Samantha Barrass to be Financial Markets Authority chief executive

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Samantha Barrass will be the next chief executive of the Financial Markets Authority Te Mana Tātai Hokohoko.

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Samantha Barrass will be the next chief executive of the Financial Markets Authority Te Mana Tātai Hokohoko.

New Zealand’s financial watchdog has hired ex-pat Kiwi Samantha Barrass​ to be its chief executive.

The Financial Markets Authority (FMA) Te Mana Tātai Hokohoko announced on Monday that Barrass would replace current chief executive Rob Everett,​ who has led the regulator since 2014.

Barrass’ previous roles overseas included working for the Financial Services Authority in the United Kingdom, and as chief executive of the financial regulator in Gibraltar.

Her latest job was to set up the UK’s Business Banking Resolution Service, a service designed to resolve disputes between banks and their business customers.

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FMA chairman Mark Todd​ said: “Her knowledge and experience of the insurance and banking industries will be particularly relevant for the increased role the FMA is to play in those areas.”

Barrass had also held senior roles at the UK Solicitors Regulatory Authority, and the London Investment Banking Association, Todd said.

She graduated from economics from the University of Canterbury in Christchurch, and completed post-graduate study at Victoria University of Wellington.

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FMA director of regulation Liam Mason discusses the 2020 KiwiSaver annual report.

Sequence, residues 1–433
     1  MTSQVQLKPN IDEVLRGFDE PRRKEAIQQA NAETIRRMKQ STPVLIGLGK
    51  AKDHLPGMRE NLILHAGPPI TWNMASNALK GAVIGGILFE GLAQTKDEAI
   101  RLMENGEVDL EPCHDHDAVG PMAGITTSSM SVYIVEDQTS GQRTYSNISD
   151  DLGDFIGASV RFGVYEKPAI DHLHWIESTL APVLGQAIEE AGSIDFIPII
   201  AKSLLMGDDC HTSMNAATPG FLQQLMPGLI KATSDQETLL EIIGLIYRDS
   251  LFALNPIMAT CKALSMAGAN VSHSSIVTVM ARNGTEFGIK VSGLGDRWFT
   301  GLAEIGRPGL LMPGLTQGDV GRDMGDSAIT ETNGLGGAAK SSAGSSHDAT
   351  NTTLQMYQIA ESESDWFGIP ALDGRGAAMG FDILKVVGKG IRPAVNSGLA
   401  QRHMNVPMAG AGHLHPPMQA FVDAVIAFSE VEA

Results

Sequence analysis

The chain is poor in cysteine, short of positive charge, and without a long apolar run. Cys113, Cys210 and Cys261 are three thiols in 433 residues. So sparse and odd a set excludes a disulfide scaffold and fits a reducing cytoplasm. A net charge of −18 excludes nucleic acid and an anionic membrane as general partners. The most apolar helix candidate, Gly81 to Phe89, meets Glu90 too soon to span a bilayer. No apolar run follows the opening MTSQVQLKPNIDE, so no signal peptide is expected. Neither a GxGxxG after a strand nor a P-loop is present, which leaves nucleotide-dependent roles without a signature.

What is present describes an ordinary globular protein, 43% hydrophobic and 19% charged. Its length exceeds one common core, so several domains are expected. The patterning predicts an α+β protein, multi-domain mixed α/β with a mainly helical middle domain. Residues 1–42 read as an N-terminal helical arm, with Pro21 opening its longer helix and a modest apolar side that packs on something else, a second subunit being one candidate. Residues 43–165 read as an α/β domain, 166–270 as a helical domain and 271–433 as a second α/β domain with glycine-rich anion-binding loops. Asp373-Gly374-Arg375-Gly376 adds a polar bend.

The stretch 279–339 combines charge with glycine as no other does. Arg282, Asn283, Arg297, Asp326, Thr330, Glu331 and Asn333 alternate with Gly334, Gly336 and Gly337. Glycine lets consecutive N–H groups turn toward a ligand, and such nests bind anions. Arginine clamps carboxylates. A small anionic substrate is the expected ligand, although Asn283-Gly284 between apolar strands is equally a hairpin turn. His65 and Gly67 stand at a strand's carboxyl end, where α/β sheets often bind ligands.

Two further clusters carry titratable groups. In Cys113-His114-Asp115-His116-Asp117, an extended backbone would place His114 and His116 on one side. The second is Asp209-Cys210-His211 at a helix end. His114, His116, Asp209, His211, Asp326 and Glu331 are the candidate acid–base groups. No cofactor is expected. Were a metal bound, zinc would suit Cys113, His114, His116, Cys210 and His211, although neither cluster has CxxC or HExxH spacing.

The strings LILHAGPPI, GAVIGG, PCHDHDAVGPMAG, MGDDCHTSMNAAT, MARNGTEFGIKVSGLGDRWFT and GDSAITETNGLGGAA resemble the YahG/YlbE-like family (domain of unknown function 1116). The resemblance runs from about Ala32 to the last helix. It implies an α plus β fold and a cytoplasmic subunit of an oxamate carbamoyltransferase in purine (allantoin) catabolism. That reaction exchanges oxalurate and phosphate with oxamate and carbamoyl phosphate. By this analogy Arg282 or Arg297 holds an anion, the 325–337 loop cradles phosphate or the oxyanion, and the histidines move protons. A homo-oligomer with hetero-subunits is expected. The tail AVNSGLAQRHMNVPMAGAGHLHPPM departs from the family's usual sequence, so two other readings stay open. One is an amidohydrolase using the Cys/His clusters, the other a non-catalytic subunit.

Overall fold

She began her career as an economist at the Reserve Bank of New Zealand Te Pūtea Matua before completing a master’s degree at the London School of Economics.

“She is a proven leader and has impressive, directly relevant, regulatory experience in the UK and Europe,” Todd said.

“She successfully led the Gibraltar Financial Services Commission through a period of evolution and expansion.

“Her experience as a consensus-building leader will stand the FMA in good stead as it continues its current activities and readies itself for a wider mandate in regulating banks and insurers, as well as climate change reporting.”

Barrass took up her role at the UK’s Business Banking Resolution Service after leaving her job as chief executive officer of the financial regulator in Gibraltar a year before here term was due to end.

In August 2020, Gibraltar media reported Barrass had reached a settlement with the Gibraltar Financial Services Commission (GFSC), and had withdrawn a claim she had taken to Gibraltar’s Employment Tribunal.

The FMA said: “The details of this matter are confidential, but the FMA board was aware from the outset and considered it an important part of its due diligence process. We are completely confident that this raises no issues of concern.”

Gibraltar media has also reported on an ongoing libel lawsuit taken against the GFSC and Barrass as a result of statements the GFSC put out about failed insurer Enterprise Insurance, which collapsed in 2016.

The FMA said: “The FMA board carefully considered the context of the defamation case and regarded it as an occupational risk associated with a high profile regulatory role of this type.”

Todd said: “On a personal note, it’s also great to see a New Zealand citizen returning home to take on this important role.”

Barrass, who will be based in Wellington, said: “It’s a privilege to have the opportunity to build on the great work done by Rob Everett and the team. I’m very excited to be returning home to lead the FMA in this next phase and working with all to safeguard and foster a financial sector that everyone has a stake in.”

She would take up her role in January.

Current chief executive Rob Everett leaves at the end of October.

After Everett’s departure, the FMA’s general counsel Liam Mason will briefly be acting chief executive until Barrass takes her seat at the regulator.

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